Concern about Ethiopian detention under state of emergency


Ethiopia’s state-appointed rights commission said some human rights were not being upheld during the current national state of emergency and expressed concern about conditions in detention centres it is unable to access.

Ethiopia declared a state of emergency on November 2, a year after conflict erupted between the federal government and forces aligned with the Tigray People’s Liberation Front (TPLF), the political party controlling the northern region Tigray.

“Overall in its investigation, the commission found the state of emergency was not executed in a manner that upholds the principles of human rights such as ‘utmost necessity, proportionality and impartiality’,” Ethiopia’s Human Rights Commission (EHRC) said in a statement.

The six-month state of emergency allows suspects to be detained without trial for as long as the proclamation lasts and allows house-to-house searches without a warrant.

Thousands of people are estimated arrested across Addis Ababa since the state of emergency was declared, EHRC said.

EHRC said it was denied access to many detention centres.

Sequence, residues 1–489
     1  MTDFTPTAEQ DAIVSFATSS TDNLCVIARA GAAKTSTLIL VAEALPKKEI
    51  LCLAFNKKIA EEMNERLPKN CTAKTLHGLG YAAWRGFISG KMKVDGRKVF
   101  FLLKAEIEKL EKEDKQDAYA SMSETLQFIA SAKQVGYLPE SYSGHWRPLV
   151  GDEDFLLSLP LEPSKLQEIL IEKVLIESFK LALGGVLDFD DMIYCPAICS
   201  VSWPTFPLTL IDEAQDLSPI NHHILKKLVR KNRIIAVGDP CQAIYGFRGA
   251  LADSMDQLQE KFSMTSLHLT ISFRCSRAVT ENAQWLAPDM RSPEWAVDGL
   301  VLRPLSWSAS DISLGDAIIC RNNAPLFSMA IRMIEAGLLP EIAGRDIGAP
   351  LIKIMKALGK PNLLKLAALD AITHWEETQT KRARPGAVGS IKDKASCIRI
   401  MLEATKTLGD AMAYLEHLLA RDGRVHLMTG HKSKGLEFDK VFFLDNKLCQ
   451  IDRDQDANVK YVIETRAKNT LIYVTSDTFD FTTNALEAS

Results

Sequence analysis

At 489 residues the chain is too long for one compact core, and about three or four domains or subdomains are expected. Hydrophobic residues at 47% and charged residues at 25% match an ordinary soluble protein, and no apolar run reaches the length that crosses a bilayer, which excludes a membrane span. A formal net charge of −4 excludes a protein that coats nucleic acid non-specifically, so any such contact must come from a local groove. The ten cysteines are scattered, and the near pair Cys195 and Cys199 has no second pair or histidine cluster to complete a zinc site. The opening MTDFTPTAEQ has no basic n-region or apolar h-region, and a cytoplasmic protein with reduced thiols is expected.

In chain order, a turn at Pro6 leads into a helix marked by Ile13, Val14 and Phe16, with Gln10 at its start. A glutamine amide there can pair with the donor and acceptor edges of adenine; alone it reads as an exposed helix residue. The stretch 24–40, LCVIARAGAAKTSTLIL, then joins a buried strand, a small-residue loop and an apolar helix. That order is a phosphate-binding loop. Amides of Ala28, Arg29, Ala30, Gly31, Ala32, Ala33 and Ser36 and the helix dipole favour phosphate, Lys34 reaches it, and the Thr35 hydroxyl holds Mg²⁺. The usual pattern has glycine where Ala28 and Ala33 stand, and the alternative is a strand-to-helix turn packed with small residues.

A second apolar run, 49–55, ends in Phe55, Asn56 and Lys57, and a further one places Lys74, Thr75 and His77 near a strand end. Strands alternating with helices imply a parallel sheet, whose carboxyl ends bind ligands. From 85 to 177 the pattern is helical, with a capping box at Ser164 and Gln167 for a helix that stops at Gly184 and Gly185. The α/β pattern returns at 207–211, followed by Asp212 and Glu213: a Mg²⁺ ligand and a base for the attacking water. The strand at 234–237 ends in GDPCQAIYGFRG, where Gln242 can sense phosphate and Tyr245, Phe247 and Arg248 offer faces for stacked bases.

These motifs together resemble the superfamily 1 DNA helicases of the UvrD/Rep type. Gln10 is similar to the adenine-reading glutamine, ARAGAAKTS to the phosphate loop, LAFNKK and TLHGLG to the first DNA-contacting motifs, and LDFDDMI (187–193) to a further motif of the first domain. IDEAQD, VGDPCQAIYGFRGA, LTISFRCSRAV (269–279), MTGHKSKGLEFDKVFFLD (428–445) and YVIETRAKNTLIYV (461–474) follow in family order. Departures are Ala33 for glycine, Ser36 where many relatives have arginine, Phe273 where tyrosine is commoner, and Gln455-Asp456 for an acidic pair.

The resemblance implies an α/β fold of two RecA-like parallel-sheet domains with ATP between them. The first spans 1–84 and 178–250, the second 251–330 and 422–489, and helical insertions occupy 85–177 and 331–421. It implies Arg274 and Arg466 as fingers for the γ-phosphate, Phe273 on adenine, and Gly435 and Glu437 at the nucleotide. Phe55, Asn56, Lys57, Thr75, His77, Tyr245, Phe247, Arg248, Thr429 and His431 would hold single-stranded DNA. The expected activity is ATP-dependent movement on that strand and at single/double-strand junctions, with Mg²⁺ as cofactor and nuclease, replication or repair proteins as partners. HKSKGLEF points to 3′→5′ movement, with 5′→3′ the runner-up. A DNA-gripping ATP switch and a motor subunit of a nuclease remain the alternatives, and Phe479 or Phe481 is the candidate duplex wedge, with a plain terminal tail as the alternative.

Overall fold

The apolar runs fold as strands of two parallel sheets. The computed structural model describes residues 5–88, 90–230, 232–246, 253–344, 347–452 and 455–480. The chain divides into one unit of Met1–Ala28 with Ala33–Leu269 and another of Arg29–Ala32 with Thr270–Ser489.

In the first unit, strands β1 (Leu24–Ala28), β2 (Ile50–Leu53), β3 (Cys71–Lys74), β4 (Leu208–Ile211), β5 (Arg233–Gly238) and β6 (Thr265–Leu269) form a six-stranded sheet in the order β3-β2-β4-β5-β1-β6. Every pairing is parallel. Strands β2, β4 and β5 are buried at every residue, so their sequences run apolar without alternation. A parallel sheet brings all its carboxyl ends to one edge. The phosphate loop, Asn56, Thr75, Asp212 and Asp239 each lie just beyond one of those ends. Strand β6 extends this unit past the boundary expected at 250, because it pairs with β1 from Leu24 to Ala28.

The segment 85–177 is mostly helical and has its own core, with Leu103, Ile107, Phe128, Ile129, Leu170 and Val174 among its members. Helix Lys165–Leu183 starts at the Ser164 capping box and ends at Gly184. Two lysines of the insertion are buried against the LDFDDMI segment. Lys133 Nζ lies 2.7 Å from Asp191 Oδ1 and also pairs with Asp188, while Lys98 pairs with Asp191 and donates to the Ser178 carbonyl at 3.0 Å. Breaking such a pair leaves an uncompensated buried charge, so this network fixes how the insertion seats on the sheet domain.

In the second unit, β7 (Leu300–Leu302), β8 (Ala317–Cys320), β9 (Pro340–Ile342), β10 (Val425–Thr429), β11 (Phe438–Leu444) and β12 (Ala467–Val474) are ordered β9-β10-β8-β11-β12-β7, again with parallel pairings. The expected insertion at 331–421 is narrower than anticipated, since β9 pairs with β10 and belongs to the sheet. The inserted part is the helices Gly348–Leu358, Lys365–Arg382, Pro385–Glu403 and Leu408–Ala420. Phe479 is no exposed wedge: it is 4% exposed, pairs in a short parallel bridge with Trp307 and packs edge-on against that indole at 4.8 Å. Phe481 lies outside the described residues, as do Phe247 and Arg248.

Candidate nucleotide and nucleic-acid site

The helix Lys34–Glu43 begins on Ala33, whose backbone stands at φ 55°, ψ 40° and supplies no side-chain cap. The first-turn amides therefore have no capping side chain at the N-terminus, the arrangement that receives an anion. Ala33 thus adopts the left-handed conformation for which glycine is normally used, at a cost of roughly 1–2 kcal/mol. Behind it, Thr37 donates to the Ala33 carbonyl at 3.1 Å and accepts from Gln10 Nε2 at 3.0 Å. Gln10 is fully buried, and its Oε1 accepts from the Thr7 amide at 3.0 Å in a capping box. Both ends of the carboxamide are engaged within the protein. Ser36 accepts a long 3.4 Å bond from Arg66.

Most detainees are held in police stations and when they get too full, in youth centres and schools, EHRC said, adding some are taken to Aba Samuel high security prison.

EHRC obtained complete data from Kirkos, an Addis Ababa district, where 714 people were detained as of November 11.

It called for the immediate release of vulnerable detainees including the elderly and breast-feeding mothers.

Detainees, many of whom are Tigrayan, believe they were arrested for their ethnicity, the EHRC said. Police previously said the arrests were not ethnically motivated but are aimed at detaining TPLF supporters.

Some detention centres are overcrowded and do not provide adequate access to health care, EHRC said.